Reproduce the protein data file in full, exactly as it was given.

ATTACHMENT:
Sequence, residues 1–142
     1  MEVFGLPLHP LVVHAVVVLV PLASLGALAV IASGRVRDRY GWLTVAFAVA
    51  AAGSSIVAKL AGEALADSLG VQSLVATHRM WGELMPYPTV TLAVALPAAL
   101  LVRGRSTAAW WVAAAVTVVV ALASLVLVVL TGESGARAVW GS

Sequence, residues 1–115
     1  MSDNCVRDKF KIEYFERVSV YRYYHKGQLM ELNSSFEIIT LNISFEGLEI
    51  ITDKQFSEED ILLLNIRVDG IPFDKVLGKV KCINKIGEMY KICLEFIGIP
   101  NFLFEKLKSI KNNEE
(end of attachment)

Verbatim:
Sequence, residues 1–142
     1  MEVFGLPLHP LVVHAVVVLV PLASLGALAV IASGRVRDRY GWLTVAFAVA
    51  AAGSSIVAKL AGEALADSLG VQSLVATHRM WGELMPYPTV TLAVALPAAL
   101  LVRGRSTAAW WVAAAVTVVV ALASLVLVVL TGESGARAVW GS

Sequence, residues 1–115
     1  MSDNCVRDKF KIEYFERVSV YRYYHKGQLM ELNSSFEIIT LNISFEGLEI
    51  ITDKQFSEED ILLLNIRVDG IPFDKVLGKV KCINKIGEMY KICLEFIGIP
   101  NFLFEKLKSI KNNEE